Pre-existing Diabetes and Auto-Immune Flashcards Preview

Complex Care 2 > Pre-existing Diabetes and Auto-Immune > Flashcards

Flashcards in Pre-existing Diabetes and Auto-Immune Deck (28):
1

Define: Type 1 diabetes mellitus

Also called
- Insulin dependent diabetes or
- Juvenile diabetes.

- Autoimmune destruction of insulin-producing (beta cells) of the pancreas
- Results in total insulin deficiency.

2

Explain: How Insulin works after a meal

- digestion breaks down carbs into sugar molecules inc. glucose/aminoacids

- glucose/aminoacids are absorbed into the blood stream- BGL rise quickly

- rise in BGL trigger beta cells in pancreas to secrete insulin which moves into the blood stream

- Insulin enables glucose to enter the cells in the body particularly the muscle and liver cells

- Here insulin and other hormones determine whether glucose will be burned for energy or stored for future use

3

List causes of Type 1 DM

Autoimmune disease
Genetic (10% chance of aquiring from a direct relative)
Environmental factors (e.g. viral infection)

4

List symptoms of Type 1 DM

Hyperglycemia
Polyuria
Polydipsia
Lipidemia
Polyphagia
Glycosuria
Ketoacidoses
Ketouria
Macular degeneration

5

How is Diabetes diagnosed

Fasting or Random <5.5: diabetes unlikely

Fasting 5.5-6.9 OR Random 5.5-11.0: Diabetes uncertain- Oral GTT

Fasting >7.0 OR Random >11.1: Diabetes likely

6

Describe: Treatment for Type 1 DM

Can deliver Insulin fast, regular, intermediate or slow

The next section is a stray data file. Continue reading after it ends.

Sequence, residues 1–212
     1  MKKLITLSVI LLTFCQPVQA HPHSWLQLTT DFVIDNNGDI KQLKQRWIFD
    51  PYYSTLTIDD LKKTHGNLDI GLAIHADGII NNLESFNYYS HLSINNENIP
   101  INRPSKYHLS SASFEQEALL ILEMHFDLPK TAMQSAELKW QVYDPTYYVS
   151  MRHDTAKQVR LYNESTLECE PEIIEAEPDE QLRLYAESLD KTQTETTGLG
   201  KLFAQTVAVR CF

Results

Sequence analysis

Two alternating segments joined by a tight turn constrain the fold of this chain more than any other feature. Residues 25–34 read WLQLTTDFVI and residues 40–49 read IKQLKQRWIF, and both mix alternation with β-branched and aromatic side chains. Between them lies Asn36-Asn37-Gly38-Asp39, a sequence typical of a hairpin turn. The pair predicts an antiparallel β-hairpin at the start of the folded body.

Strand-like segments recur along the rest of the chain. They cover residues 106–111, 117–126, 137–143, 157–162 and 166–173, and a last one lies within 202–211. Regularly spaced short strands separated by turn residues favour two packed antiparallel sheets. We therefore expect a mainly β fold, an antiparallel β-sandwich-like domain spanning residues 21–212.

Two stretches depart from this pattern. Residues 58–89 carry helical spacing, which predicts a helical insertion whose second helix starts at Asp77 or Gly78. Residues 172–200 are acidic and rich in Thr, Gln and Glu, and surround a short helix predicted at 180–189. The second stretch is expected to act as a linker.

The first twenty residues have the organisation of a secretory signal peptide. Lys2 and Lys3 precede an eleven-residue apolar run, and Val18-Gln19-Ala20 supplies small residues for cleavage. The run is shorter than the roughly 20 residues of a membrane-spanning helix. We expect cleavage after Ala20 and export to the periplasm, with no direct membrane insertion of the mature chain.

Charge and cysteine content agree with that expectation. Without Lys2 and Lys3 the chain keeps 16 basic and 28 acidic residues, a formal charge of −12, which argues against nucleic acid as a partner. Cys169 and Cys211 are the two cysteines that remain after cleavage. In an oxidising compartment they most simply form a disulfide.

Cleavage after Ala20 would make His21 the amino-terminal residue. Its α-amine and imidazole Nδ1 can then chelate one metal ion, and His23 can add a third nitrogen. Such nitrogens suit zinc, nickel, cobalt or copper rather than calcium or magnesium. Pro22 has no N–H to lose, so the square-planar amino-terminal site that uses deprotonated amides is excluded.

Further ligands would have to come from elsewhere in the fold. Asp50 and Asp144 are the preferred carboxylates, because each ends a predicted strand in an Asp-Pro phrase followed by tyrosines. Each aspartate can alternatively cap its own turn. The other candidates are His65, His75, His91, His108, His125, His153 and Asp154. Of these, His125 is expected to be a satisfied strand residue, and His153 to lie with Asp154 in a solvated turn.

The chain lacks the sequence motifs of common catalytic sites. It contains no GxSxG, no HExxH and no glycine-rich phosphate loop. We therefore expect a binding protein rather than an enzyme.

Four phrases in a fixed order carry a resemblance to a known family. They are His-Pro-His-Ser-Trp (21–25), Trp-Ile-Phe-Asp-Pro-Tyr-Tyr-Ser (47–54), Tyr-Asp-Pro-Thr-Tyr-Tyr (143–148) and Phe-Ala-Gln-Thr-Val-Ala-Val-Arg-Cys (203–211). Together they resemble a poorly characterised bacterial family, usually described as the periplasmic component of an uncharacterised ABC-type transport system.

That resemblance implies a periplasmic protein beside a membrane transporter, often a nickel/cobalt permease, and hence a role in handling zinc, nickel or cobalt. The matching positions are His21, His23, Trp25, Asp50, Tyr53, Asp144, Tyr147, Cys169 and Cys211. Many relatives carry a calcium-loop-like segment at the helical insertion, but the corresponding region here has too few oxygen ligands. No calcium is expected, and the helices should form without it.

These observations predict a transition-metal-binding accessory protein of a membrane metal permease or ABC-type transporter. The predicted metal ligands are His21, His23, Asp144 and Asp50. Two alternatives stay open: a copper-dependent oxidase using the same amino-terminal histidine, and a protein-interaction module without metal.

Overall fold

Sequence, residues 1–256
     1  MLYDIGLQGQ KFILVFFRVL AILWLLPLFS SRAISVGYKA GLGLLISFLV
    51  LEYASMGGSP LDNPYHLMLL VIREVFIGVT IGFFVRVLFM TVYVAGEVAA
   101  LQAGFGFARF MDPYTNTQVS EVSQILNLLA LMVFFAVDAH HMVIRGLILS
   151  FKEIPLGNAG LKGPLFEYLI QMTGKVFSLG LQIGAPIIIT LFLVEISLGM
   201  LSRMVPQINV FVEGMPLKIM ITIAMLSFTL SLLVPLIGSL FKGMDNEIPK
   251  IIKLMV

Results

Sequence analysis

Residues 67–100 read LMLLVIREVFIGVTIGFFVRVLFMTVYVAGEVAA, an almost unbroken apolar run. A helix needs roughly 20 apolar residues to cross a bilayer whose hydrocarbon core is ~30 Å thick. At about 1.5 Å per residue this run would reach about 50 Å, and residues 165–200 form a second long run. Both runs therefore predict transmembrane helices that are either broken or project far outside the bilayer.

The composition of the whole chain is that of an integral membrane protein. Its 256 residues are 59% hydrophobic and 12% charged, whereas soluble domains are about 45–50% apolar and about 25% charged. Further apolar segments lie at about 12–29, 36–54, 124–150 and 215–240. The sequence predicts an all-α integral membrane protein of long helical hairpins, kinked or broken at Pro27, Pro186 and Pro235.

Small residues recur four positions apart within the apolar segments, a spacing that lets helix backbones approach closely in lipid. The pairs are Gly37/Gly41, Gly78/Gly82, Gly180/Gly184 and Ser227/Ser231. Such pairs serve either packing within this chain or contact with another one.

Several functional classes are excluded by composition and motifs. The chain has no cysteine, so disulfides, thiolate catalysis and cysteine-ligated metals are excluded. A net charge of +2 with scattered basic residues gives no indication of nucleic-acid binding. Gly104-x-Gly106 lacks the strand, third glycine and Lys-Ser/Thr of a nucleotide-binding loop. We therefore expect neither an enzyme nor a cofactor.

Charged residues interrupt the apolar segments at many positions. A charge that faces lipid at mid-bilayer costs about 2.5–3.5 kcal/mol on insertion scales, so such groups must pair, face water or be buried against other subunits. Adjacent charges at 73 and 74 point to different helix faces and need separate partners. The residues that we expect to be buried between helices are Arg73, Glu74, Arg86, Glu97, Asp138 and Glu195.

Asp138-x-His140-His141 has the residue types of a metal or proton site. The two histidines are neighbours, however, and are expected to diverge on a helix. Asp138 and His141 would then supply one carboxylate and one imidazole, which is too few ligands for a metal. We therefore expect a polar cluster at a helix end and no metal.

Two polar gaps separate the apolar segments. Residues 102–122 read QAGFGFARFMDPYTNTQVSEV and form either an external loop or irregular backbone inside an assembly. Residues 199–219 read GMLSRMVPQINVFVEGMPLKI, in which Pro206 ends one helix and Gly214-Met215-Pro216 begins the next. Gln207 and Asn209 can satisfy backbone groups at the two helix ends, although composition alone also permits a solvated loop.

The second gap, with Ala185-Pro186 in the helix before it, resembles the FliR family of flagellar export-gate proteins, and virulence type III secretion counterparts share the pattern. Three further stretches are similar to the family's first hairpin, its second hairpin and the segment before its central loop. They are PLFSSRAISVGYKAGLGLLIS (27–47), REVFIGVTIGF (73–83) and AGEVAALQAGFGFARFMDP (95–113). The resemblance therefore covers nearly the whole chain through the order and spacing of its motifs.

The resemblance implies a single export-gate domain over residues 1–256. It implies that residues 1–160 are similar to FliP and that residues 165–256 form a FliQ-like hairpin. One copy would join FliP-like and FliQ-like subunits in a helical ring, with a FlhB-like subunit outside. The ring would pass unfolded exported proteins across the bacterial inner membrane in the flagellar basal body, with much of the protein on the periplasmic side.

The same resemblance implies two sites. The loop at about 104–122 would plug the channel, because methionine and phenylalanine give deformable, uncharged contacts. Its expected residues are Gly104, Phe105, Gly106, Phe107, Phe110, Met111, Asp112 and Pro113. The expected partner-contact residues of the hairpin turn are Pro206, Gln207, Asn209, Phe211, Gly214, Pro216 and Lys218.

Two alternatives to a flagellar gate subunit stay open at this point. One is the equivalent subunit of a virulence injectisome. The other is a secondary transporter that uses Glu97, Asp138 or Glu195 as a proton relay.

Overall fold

Insulin Pump
- catheter directly into abdominal skin
- delivers insulin directly into the system
- controlled by a small digital device that is programmed with the correct doses

7

What are complications/outcomes of Type 1 diabetes

Heart disease
Renal disease
Retinopathy
Vascular disease
Neuropathy
Thyroid disease

Fertility:
Decreased fertility (recurrent yeast infections, decreased lubrication, painful sex)
Delayed menarche (menstruation)
Premature menopause
Male effects

8

What are the effects of Type 1 Diabetes on pregnancy

Miscarriage
Congenital abnormality (brain and neural tube defects, cardiac defects, ambiguous genitalia)
SGA
Preterm birth
Preeclampsia,
Perinatal mortality,
LGA
Key – tight blood sugar control before conception and throughout pregnancy

9

Explain: Diabetes in pregnancy

In pregnancy the woman’s body uses glucose for energy and growth of the fetus

- its production is controlled and regulated by the hormone insulin

- Insulin production increases in pregnancy to manage rising glucose levels and is a normal physiological response to growing a baby and supplying enough energy as well

- when a pregnant woman’s body is less receptive to the regulating effects of insulin it struggles to control the amount of glucose within the blood stream

- which leads to increased glucose levels

This process is intensified when a woman has diabetes prior to pregnancy and increases insulin resistance

10

Explain: Treatment/Management of diabetes in pregnancy

- Pre-conception counselling
- Regulation of HbA1c – good long term glucose control

Pregnancy
- Medical r/v after booking in
- Regular monitoring
- Multi-disciplinary management
- Growth u/s

Labour/Birth
- Delivery plan
- CTG
- Pead if needed

Postnatal
- Check for neonatal hypoglycaemia
- r/v insulin regimne
- BF safe

11

Define: Type 2 Diabetes

Adult onset
- Hyperglyaceamia
- Insulin deficiency
- Insulin resistance
- Innapropriate or excessive glucagon

Family history plays a role in this type of diabetes

12

List risk factors/ causes of Type 2 DM

>45 years of age,
Overweight/obese
Hypertensive
Cardiovascular disease
Had GDM

13

List symptoms of Type 2 diabetes

Polyuria- production of abnormally large volumes of dilute urine
Polydypsia- abnormally great thirst
Polyphagia- excessive hunger or increased appetite and is one of the 3 main signs of diabetes
Weight loss
Recurrent yeast infections
Recurrent UTI
Blurred vision

14

What are the complications/outcomes of Type 2 diabetes